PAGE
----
01/18/2011 12:13 pm ET | Updated May 25, 2011

Two of Everything: The Legacy of Segregation

In most American communities there are two of everything: two movie theaters; two malls; two of each type of school and two of most types of church. This is not a modern day Noahian tale, rather it is the lingering effect of de jure segregation.

In most cities, the segregative trend not only exists in places of worship, in fact it is in America's churches, synagogues and mosques that the trend is most apparent. Dr. Martin King famously lamented, "At 11:00 on Sunday morning when we stand and sing and Christ has no east or west, we stand at the most segregated hour in this nation. This is tragic. Nobody of honesty can overlook this."  Katrina however, in her destruction, caused two churches to confront their role in American segregation in a very real way. 

Grace Methodist, a 155 year old African-American congregation was rendered  homeless when Katrina ravished their historic church located at Iberville and North Prieur. Mostly white First Methodist church, walking distance from Grace, was flooded with five feet of Katrina flood waters. Further, it's membership had waned from 1200 to 700 people pre-storm. In fact in in the days immediately after Katrina, as few as 30 people attended weekly Sunday service. 

Neither church exists today. Instead, there is only First Grace United Methodist Church. The two congregations overcame Americas most persistent divider: race. The congregations took the courageous step of forgoing their separate racial identities in favor of an integrated oneness. it was no easy task. First Methodist had a storied near two century history. And, Grace Methodist, like so many black churches had a key role in the New Orleans' black political and civil rights communities.  Merging the churches meant a perceived end to each of these valiant legacies in favor a new joint identity. 

It also meant  members had to address more corporeal matters like will the choir continue with the more traditional and classical sound that First was accustomed too or the rhythmic soulful syncopation more common at Grace. Or what cooking style will the new congregation adopt at church dinners: Grace's soul food or First's Italian and Irish comfort food. The questions and concerns were plentiful. But the congregation and it's leaders stayed focused on unifying the churches, for, before them laid an historic opportunity to recommit themselves to the tenants of their faith though  racially integration. The final decision to unify was made in 2008.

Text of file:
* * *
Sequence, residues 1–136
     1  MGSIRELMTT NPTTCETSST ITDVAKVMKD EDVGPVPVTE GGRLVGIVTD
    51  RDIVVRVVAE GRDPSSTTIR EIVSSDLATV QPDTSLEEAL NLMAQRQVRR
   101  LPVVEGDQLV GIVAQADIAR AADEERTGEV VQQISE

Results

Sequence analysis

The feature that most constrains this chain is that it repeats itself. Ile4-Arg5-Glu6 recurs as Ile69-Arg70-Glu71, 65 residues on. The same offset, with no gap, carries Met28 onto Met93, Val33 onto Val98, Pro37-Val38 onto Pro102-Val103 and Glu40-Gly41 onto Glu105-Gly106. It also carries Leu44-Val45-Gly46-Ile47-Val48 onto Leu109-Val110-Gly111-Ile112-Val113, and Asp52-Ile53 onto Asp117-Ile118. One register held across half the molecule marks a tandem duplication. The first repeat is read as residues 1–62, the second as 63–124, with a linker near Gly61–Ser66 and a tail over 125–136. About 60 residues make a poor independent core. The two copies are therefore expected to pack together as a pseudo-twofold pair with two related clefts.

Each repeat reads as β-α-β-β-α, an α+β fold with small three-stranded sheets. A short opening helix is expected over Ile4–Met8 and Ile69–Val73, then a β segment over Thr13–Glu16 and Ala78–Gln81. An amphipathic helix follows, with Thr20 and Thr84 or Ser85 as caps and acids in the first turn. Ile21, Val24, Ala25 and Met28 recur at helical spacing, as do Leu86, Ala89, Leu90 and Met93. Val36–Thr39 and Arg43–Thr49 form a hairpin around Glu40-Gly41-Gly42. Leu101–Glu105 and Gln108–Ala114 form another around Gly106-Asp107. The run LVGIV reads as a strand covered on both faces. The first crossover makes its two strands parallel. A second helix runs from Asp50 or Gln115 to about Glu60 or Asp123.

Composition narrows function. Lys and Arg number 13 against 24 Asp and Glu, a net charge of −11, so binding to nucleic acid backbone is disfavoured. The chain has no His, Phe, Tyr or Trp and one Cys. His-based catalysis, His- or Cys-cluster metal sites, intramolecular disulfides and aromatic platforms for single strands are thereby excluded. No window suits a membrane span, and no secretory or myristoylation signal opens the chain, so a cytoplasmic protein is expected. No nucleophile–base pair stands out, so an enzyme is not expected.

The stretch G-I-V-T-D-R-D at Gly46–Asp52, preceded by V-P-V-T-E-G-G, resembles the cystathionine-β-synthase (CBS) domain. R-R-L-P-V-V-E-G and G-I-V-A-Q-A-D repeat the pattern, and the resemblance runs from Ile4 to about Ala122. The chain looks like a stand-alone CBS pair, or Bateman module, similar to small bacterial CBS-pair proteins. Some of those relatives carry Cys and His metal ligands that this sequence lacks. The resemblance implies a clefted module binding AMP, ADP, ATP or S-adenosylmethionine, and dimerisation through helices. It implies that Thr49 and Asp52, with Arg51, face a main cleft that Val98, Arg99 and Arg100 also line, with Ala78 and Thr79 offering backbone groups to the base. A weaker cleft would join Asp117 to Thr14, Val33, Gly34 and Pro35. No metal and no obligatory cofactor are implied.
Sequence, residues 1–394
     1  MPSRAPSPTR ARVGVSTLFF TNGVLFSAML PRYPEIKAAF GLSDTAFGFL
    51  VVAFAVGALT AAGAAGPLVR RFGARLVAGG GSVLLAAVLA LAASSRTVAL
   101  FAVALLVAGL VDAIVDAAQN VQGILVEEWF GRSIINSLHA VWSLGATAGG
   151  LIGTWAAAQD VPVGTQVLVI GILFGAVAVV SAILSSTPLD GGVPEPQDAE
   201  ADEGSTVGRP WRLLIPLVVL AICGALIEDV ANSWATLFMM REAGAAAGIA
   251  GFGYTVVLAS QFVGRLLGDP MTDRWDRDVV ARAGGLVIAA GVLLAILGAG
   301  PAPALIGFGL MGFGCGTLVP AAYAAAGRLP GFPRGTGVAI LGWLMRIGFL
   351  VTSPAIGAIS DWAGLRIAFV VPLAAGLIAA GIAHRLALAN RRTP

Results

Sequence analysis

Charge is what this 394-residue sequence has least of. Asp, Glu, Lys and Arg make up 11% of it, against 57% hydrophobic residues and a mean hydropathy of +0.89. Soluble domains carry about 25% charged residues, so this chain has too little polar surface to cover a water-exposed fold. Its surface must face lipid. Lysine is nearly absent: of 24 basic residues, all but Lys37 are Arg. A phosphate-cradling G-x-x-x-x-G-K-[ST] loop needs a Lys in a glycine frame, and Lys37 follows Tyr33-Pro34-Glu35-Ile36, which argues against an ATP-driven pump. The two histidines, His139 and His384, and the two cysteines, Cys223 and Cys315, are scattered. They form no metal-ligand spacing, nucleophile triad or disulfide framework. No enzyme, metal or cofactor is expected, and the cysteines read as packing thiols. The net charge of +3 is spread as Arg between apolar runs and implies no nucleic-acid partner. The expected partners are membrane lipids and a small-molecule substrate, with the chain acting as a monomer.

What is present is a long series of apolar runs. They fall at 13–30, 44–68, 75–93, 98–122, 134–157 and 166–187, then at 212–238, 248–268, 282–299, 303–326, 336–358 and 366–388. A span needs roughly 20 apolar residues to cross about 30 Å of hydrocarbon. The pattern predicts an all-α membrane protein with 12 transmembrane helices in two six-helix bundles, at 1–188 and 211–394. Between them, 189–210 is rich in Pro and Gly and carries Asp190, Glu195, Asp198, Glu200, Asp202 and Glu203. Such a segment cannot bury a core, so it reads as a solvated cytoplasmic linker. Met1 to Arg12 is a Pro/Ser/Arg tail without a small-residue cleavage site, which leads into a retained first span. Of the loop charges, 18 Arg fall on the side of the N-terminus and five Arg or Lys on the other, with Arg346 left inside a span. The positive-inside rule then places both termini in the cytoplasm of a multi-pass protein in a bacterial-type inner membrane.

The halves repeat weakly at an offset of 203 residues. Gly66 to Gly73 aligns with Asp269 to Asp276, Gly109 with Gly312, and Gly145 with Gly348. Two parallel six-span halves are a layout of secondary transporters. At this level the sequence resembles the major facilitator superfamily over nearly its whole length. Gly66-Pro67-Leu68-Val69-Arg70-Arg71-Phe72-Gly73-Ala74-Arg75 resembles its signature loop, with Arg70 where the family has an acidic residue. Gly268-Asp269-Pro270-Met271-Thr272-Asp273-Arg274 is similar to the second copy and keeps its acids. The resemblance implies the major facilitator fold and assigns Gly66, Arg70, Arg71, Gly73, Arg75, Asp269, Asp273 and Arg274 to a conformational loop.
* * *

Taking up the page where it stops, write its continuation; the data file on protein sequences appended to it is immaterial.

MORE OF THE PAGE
I visited First Grace United Methodist for the first time in the Fall of 2009. I've been a dozen or so times since then for community events and to Sunday service as a guest of friends who are members of the church. I've never seen a church more reflective of New Orleans' diversity. Each time I have visited, the isles overflowed with people of all races and ethnicities who had forged true bonds of friendship that easily shown through in both their actions and words  

As we consider Dr. King's legacy, I invite you to consider whether integration is a component in any of the major facets of your own life; at your place of worship, work, school and peer circles. I invite you to honor King's legacy by stepping out of your comfort zone. Spend some time making friends in a social environment where people who look like you are not the majority. 

"Hither my little world wended its crooked way on Sunday to meet other worlds, and gossip, and wonder, and make the weekly sacrifices with frenzied priest at the alter of the 'old-time religion." - W.E.B. Dubois